Covered in lively red and pale green sgraffito, this facade evokes a romantic-like garden, with winding flowering vine plants. Above the entrance, an elegant wooden gallery stands out, with stained glass windows, also depicting colourful geraniums.
The house was designed by Catalan modernist architect Jeroni F. Granell i Manresa (1867-1931). To my surprise, as I didn’t know anything about his work before having seen this house, I found that, actually, several of my favourite houses here in Barcelona had been designed by him! If you’ve been to Palau de la Música Catalana or the Sant Pau Modernist Site then you’ve also seen his work, as he is the one who designed the spectacular stained-glass ceilings, together with Antoni Rigalt. Granell’s other works are concentrated mostly on apartment buildings that can be found mainly in Eixample, like the two below – on 82 València, and 54 Balmes street.
Casa Pàdua: a brief history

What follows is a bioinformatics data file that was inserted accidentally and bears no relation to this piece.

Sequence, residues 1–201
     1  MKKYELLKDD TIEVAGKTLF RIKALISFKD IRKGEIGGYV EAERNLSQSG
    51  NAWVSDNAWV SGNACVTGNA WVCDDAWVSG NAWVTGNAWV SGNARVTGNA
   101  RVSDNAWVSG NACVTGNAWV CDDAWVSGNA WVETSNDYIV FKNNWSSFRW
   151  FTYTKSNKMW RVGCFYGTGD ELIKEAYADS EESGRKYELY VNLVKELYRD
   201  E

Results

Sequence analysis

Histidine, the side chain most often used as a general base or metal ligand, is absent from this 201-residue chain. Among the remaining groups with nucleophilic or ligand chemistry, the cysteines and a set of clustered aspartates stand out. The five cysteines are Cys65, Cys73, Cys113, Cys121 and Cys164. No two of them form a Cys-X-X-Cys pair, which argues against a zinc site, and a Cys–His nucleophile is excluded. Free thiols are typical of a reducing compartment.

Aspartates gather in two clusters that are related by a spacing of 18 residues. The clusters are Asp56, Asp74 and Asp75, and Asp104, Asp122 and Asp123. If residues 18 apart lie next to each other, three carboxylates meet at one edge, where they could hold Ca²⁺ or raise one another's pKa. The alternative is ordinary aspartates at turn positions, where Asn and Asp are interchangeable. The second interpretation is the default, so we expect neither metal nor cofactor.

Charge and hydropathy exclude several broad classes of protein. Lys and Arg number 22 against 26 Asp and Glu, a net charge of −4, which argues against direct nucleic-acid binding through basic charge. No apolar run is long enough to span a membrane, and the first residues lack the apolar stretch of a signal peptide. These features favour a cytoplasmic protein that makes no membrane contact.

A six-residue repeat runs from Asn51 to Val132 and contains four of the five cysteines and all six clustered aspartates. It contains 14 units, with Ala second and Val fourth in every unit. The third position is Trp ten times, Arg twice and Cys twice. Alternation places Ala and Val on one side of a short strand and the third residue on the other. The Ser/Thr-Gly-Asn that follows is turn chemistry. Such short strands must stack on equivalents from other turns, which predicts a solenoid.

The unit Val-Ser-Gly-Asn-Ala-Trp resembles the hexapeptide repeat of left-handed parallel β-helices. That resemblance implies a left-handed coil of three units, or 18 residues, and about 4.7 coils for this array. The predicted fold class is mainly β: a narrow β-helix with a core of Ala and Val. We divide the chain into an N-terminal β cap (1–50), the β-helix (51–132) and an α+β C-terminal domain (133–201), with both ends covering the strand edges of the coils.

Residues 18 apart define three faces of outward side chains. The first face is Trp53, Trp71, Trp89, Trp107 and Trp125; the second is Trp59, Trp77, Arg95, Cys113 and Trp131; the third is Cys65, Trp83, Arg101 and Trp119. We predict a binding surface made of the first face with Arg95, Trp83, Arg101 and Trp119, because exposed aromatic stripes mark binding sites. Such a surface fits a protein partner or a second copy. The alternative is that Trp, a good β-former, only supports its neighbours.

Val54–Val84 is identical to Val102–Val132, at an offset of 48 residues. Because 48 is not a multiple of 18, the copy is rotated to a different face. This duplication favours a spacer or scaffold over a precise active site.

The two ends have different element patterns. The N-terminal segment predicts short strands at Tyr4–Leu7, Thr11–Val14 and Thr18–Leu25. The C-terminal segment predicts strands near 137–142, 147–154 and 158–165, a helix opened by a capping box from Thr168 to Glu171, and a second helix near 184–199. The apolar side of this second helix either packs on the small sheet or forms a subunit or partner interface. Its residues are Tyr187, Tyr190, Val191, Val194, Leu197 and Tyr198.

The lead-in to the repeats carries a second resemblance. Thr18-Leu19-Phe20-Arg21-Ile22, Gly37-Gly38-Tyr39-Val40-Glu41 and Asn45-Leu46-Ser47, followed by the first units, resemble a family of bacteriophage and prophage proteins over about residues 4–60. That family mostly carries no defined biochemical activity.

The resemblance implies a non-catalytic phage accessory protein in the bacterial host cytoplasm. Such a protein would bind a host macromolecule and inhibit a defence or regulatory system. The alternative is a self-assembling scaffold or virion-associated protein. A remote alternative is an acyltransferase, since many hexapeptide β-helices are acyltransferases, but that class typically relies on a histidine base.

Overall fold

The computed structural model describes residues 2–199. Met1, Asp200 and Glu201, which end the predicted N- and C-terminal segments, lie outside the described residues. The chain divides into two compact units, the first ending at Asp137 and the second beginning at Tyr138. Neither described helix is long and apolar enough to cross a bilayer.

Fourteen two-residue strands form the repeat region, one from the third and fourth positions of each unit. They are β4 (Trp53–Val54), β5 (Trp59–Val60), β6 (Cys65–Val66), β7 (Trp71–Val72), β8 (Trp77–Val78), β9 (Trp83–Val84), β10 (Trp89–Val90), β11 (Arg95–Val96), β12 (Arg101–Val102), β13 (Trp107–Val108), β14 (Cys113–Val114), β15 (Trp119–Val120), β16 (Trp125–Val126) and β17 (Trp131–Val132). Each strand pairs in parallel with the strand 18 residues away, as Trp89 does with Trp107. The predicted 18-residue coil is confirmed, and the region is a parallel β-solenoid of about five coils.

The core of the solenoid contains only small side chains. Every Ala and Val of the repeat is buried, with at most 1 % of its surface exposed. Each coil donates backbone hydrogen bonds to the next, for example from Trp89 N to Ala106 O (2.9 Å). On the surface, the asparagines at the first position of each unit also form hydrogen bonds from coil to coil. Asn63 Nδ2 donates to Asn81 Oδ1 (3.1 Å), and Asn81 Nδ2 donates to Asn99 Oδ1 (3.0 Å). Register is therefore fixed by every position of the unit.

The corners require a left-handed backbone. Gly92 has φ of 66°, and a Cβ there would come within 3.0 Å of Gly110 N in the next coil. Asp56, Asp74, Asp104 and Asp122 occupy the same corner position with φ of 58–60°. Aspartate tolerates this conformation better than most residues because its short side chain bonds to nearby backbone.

The origin of this single-family residence remains a mystery. We know that its construction was completed in 1903 but there is nothing else in the archives of the district and the city. Who could have been the initial owner? Quite possibly – someone from the wealthy bourgeoisie who, fleeing from factory pollution and the socially convulsive situation of Barcelona in the late 19th century, began building its summer towers, when Sant Gervasi was still a municipality.
Until the mid-1970’s, local press says this house was the headquarters of the Esencias Buil SA a perfume laboratory. The owner, José Buil, could not have chosen a location more in line with the product of his small business, a Modernist residence, whose rich floral decoration on the facade seems to even give off delicate countryside aromas. After years of abandonment, the building was rebuilt in 1989 by Alonso Balaguer Arquitectes Associats who, three years later, won the award for the best rehabilitation work for this project, restoring the facade and maintaining part of the interior garden.
I mentioned sgraffito, in the beginning. It’s a technique of decorating the walls by applying layers of contrasting colours, and then scratching or cutting the final layer to reveal the shade below. Sgraffito was popularized in Italy in the 15th and 16th centuries and is also specific to parts of Germany, Transylvania, Austria, Belgium or Catalunya – where it became recurrent during the Modernist era.
See this house at: 75 Pàdua street, Sarrià-Sant Gervasi